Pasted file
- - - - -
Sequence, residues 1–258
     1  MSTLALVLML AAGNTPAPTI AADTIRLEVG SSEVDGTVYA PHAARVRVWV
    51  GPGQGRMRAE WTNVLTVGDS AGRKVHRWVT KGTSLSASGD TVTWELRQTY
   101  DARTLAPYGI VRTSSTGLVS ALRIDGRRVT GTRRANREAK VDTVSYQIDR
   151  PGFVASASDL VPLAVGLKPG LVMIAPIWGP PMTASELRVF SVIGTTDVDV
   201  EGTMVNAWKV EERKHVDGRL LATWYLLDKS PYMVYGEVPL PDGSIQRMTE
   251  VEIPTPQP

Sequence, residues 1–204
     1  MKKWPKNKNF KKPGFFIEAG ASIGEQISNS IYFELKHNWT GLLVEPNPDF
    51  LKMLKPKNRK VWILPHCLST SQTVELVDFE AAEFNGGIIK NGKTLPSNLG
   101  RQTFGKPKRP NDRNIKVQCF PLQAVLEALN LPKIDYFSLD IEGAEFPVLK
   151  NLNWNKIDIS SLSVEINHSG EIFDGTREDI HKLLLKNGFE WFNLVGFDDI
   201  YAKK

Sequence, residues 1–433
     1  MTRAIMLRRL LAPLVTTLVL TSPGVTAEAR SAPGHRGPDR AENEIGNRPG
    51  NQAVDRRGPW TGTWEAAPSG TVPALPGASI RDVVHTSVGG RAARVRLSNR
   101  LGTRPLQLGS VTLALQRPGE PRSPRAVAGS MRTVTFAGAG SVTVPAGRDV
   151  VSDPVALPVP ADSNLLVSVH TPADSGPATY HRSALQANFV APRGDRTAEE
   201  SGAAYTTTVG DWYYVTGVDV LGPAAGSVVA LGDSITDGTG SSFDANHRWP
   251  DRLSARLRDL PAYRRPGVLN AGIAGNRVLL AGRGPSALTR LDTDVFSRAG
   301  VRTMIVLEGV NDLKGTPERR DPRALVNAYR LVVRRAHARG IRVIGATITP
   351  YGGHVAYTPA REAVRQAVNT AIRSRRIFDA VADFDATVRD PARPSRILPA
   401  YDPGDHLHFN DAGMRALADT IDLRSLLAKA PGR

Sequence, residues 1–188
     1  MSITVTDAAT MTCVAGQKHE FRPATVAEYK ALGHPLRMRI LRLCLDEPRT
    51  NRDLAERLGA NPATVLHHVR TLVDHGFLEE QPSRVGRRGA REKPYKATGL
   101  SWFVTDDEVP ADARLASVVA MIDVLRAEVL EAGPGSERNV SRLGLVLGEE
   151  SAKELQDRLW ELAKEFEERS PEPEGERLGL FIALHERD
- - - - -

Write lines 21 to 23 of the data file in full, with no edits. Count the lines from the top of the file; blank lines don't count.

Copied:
   301  VRTMIVLEGV NDLKGTPERR DPRALVNAYR LVVRRAHARG IRVIGATITP
   351  YGGHVAYTPA REAVRQAVNT AIRSRRIFDA VADFDATVRD PARPSRILPA
   401  YDPGDHLHFN DAGMRALADT IDLRSLLAKA PGR